Toshiba unveils Silmee W20/W21 health trackers is a post from: Liliputing

German Investigation of Netzpolitik For Coverage of Leaked Surveillance Documents Confirmed

EFF's Deeplinks -

Last week, we reported that popular German digital rights blog Netzpolitik.org had been charged with treason as a result of its reporting on leaked documents about the German government’s mass surveillance plans. We later learned that no charges had in fact been filed (and corrected our report), but there were still signs that an investigation was underway, targeting either the blog itself or simply the suspected sources of the leaks. The blog has now confirmed [English translation here] authorities are investigating Netzpolitik journalists Markus Beckedahl and Andre Meister, along with an “unknown” source, on “suspicion of treason.”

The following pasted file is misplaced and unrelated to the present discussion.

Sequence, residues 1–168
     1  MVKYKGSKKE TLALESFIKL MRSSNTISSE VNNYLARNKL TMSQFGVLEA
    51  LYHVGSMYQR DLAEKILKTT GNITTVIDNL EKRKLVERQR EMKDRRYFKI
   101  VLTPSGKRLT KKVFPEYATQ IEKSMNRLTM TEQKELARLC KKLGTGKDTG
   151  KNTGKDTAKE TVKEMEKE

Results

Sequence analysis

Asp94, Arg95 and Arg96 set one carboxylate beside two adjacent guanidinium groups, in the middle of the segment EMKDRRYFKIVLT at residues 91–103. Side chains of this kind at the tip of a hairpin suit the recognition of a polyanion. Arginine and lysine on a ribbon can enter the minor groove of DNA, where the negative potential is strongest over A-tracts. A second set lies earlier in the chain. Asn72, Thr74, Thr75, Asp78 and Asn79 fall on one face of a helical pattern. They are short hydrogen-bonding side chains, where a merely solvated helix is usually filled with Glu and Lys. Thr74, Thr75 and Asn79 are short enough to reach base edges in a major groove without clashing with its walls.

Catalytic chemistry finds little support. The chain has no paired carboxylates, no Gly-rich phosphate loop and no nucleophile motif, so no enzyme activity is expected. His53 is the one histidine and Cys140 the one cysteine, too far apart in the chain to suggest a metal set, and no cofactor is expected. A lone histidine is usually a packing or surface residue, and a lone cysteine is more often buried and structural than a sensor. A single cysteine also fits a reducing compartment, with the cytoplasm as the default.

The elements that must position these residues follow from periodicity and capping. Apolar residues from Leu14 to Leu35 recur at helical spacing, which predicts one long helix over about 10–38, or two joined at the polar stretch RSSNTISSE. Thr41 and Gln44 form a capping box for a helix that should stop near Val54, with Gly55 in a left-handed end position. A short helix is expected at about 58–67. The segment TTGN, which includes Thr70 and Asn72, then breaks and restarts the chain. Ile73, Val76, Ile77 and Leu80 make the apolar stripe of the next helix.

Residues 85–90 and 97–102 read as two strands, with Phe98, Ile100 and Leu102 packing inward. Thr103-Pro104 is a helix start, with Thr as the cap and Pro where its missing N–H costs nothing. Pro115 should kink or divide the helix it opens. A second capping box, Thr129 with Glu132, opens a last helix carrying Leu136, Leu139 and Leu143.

The investigation is being conducted under § 94 of German's Criminal Code [English translation here], which considers the leaking of state secrets to a foreign power, or to anyone else with the intention of damaging the Republic, to be a crime, punishable of not less than one year in prison—and up to life, in "serious" cases. 

Not surprisingly, Netzpolitik.org doesn't see this as an ordinary government response. Meister stated: “From the beginning, the charges against our alleged source(s) were politically motivated and targeted to crush the necessary public debate about internet surveillance Post-Snowden. Whistleblowers in the public interest need protection, not prosecution as ‘treason.’”

And in regard to the investigation against Netzpolitik, Meister says:

Investigating the acclaimed media outlet netzpolitik.org as accomplices in treason charges is a direct attack on freedom of the press, which we thought was outlawed with the Constitutional Court ruling in the Cicero case 2007.